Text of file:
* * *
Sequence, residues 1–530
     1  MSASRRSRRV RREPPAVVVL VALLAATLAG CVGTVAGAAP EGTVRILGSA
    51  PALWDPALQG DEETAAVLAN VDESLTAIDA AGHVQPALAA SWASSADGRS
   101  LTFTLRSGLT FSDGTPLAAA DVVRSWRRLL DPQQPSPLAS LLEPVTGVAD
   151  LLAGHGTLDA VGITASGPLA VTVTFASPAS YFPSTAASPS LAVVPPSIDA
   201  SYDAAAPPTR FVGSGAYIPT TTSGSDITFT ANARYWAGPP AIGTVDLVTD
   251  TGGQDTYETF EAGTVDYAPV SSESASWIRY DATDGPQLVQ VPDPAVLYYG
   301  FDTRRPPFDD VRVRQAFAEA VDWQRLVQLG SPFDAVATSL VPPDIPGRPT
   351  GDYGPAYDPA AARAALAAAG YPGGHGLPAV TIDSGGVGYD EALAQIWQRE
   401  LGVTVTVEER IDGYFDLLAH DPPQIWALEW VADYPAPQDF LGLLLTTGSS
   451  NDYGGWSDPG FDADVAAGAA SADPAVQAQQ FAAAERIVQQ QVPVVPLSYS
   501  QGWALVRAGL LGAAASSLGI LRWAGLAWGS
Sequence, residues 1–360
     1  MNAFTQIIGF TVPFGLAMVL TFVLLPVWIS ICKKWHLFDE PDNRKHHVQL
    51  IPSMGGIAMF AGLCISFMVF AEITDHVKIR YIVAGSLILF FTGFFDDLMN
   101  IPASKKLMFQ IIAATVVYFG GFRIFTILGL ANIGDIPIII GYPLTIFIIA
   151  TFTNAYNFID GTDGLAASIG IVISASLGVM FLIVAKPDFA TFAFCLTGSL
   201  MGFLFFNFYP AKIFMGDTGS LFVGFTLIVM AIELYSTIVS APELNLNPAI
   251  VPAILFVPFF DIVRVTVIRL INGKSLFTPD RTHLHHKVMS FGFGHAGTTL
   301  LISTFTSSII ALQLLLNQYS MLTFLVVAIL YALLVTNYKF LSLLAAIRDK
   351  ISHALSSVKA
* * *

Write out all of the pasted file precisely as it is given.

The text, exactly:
Sequence, residues 1–530
     1  MSASRRSRRV RREPPAVVVL VALLAATLAG CVGTVAGAAP EGTVRILGSA
    51  PALWDPALQG DEETAAVLAN VDESLTAIDA AGHVQPALAA SWASSADGRS
   101  LTFTLRSGLT FSDGTPLAAA DVVRSWRRLL DPQQPSPLAS LLEPVTGVAD
   151  LLAGHGTLDA VGITASGPLA VTVTFASPAS YFPSTAASPS LAVVPPSIDA
   201  SYDAAAPPTR FVGSGAYIPT TTSGSDITFT ANARYWAGPP AIGTVDLVTD
   251  TGGQDTYETF EAGTVDYAPV SSESASWIRY DATDGPQLVQ VPDPAVLYYG
   301  FDTRRPPFDD VRVRQAFAEA VDWQRLVQLG SPFDAVATSL VPPDIPGRPT
   351  GDYGPAYDPA AARAALAAAG YPGGHGLPAV TIDSGGVGYD EALAQIWQRE
   401  LGVTVTVEER IDGYFDLLAH DPPQIWALEW VADYPAPQDF LGLLLTTGSS
   451  NDYGGWSDPG FDADVAAGAA SADPAVQAQQ FAAAERIVQQ QVPVVPLSYS
   501  QGWALVRAGL LGAAASSLGI LRWAGLAWGS
Sequence, residues 1–360
     1  MNAFTQIIGF TVPFGLAMVL TFVLLPVWIS ICKKWHLFDE PDNRKHHVQL
    51  IPSMGGIAMF AGLCISFMVF AEITDHVKIR YIVAGSLILF FTGFFDDLMN
   101  IPASKKLMFQ IIAATVVYFG GFRIFTILGL ANIGDIPIII GYPLTIFIIA
   151  TFTNAYNFID GTDGLAASIG IVISASLGVM FLIVAKPDFA TFAFCLTGSL
   201  MGFLFFNFYP AKIFMGDTGS LFVGFTLIVM AIELYSTIVS APELNLNPAI
   251  VPAILFVPFF DIVRVTVIRL INGKSLFTPD RTHLHHKVMS FGFGHAGTTL
   301  LISTFTSSII ALQLLLNQYS MLTFLVVAIL YALLVTNYKF LSLLAAIRDK
   351  ISHALSSVKA